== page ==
When you have been offered a Settlement Agreement it’s important to understand what your tax implications will be for each type of payment. You may be offered different types of payments, some being contractual and others as an extra payment, sometimes called ex gratia.*
The Ex Gratia Termination Payment
If you have been offered a Settlement Agreement by your employer, you may be offered an ‘ex gratia termination payment’ as an incentive to settle any of your potential Employment Tribunal/County Court claims.
‘Ex gratia’ means ‘as a gift’. This means that your employer has no obligation to make this payment to you under the terms of your contract of employment (with the exception of redundancy payments).
There is a specific tax law which allows the first £30,000 paid as compensation for loss of employment/office to be tax free. So any termination payments in excess of the first £30,000 are taxable at whichever tax band your total earnings fall under.
Redundancy payments are tax free, even when included as part of your employment contract. This is because a redundancy payment is intended to relieve suffering (such as the loss of your job and income) rather than considered as earnings.
A redundancy payment can only be made when there is a genuine redundancy situation. Therefore it is important to know the reason why your employer is offering you a Settlement Agreement, especially if it involves you leaving your employer.
If HMRC find it is not a genuine redundancy situation, it has the right to claim tax. Like termination payments, the first £30,000 of contractual and statutory redundancy payments are exempt from tax.
Payment in Lieu of Notice/Notice pay (PILON)
Your contract of employment should state what notice pay you would be owed if you are leaving your employer. If your employer is offering you Payment In Lieu Of Notice, often referred to as a ‘PILON’, then the tax position depends on what your contract of employment says.
- If your contract states that your employer can make a Payment In Lieu Of Notice then it is not an ex gratia payment and it is taxable.
- If there is no mention of Payment In Lieu Of Notice in your contract of employment, then the payment is considered as an ex gratia payment for tax purposes and will not be taxed. It will be included in your £30,000 tax free allowance.
Payment of Wages
Your usual wages are taxable as usual as they are part of your normal earnings.
Any holiday pay is taxable as usual.
Restrictive Covenants and Confidentiality Payments
Restrictive Covenants and the duty of confidentiality are usually included in your contract of employment so you’ll need to check what your contract says. For more information see Is a Restrictive Covenant Preventing You from Changing Jobs?
Payments for agreeing Restrictive Covenants and/or confidentiality clauses are considered to be earnings and are therefore taxable.
Injury to Feelings Payments
Compensation for injury to feelings arising from unlawful discrimination that happened before your employment ended/ends is not be taxable. However, if the injury to feelings was caused by the termination it will be taxable.
Contributions to Registered Pension Scheme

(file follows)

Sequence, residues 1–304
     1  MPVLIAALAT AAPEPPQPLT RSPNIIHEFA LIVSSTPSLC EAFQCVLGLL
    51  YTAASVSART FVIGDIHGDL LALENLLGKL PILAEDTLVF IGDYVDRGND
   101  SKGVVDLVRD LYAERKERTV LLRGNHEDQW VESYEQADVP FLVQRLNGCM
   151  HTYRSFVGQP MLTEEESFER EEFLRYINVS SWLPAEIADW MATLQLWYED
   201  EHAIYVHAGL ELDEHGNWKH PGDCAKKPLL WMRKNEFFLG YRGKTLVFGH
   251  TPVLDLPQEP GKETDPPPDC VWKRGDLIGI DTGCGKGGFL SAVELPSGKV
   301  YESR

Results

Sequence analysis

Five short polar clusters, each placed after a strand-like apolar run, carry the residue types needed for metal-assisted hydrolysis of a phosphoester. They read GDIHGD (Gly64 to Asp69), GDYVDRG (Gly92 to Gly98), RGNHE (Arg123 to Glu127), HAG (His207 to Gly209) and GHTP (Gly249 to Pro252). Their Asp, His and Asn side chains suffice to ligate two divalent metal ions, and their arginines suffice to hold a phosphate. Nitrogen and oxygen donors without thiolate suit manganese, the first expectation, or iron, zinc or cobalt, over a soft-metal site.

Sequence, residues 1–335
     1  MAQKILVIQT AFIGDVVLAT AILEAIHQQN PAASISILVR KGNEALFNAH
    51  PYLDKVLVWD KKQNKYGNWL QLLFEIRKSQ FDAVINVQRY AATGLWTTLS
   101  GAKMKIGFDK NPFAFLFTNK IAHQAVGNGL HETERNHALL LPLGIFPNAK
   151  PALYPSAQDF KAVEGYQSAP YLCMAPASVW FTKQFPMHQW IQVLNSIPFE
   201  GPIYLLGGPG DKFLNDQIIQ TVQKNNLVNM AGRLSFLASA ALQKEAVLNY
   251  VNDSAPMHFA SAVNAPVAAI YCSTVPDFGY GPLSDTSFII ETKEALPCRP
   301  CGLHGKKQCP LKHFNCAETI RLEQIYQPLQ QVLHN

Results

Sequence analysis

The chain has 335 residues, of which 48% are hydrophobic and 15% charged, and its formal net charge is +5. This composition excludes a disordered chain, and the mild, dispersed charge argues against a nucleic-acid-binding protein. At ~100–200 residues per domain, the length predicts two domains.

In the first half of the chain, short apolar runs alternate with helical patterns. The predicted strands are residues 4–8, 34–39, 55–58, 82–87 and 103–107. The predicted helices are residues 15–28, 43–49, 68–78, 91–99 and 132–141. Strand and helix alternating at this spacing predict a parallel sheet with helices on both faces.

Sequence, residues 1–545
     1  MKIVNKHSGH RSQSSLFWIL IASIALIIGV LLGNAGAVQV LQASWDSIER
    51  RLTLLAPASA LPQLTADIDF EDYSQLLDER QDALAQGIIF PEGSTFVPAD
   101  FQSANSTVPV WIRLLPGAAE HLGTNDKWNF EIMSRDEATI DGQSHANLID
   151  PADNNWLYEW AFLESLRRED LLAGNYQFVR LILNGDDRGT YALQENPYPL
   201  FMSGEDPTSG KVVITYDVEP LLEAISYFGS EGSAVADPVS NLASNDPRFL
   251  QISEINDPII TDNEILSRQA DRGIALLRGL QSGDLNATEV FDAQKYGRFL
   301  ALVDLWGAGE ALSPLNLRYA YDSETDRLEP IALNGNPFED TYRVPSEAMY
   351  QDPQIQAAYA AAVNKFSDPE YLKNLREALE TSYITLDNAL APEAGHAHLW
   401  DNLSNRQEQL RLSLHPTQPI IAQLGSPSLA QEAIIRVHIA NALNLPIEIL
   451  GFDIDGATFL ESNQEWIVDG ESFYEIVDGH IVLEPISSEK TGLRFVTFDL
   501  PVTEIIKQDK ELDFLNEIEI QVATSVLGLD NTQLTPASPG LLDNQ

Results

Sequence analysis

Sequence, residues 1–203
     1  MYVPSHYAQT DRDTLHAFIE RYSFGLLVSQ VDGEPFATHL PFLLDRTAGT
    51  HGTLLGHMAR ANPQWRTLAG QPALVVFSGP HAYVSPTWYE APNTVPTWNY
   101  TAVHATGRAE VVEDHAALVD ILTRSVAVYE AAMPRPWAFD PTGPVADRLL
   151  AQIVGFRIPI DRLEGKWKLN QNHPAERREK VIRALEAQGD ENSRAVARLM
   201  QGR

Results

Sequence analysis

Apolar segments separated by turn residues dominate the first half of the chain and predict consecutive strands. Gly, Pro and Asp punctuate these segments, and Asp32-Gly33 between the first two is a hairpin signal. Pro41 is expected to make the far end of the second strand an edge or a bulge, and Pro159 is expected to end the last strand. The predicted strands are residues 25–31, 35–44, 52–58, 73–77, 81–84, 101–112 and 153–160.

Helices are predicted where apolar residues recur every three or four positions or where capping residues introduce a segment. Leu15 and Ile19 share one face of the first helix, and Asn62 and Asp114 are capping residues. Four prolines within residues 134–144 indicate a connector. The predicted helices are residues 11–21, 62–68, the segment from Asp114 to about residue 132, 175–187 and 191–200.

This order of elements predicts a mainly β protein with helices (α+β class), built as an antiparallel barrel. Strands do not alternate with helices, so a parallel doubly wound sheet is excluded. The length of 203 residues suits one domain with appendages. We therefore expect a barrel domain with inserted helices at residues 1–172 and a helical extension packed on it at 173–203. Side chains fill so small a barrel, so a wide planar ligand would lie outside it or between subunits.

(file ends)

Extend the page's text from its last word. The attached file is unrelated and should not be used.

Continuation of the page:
Payments made directly into a pension scheme are treated separately and are not subject to tax. There are annual and lifetime allowances for contributions to registered pension schemes, and contributions in excess of these allowances do incur tax charges.
Contributions to the cost of outplacement counselling or similar training are not taxable and are usually paid directly by the employer. This means such costs do not count towards the £30,000 exemption.
Usually the employer contributes to your legal costs to see a Solicitor to make the Settlement Agreement legally binding. This does not count towards the £30,000 exemption as long as it is solely in connection with the termination of employment. There is usually a clause in the Settlement Agreement stating that legal costs should be paid directly to your Solicitor. Sometimes your legal costs will be included in the termination payment offered to you. If this is the case, you can discuss this with your Solicitor.
What Other Payments are Taxable?
There are a number of other categories of pay or benefit which are considered taxable earnings. There is a list on the HMRC website.
The £30,000 tax free limit can apply to more than one Settlement Agreement depending on the circumstances.
With the right advice you can reduce your tax liability and maximise the Settlement Payment you receive. Taxable sums are usually contractually owed sums such as your usual salary, holiday pay, notice pay, bonus, and commission payments.
At Co-op Legal Services our Employment Solicitors offer a range of fixed fee services. This means you know exactly what is included in the service you select and there are no nasty surprises. Once we have provided you with a written quote for the agreed work, that price will not change.
Our highly experienced Solicitors can help you with advising on the terms and effect of the clauses in your Settlement Agreement. We can also help you negotiate better terms, such as a higher Settlement Payment under our settlement negotiation service.
We can also provide you with legal advice on a potential Employment Tribunal Claim, either through a telephone assessment or investigation report.
*Please note that this article is written as a guidance on what possible payments are taxable in a Settlement Agreement and is not intended as legal advice. Should you have specific questions on your tax position then you should seek independent specialist advice from a tax lawyer or an accountant.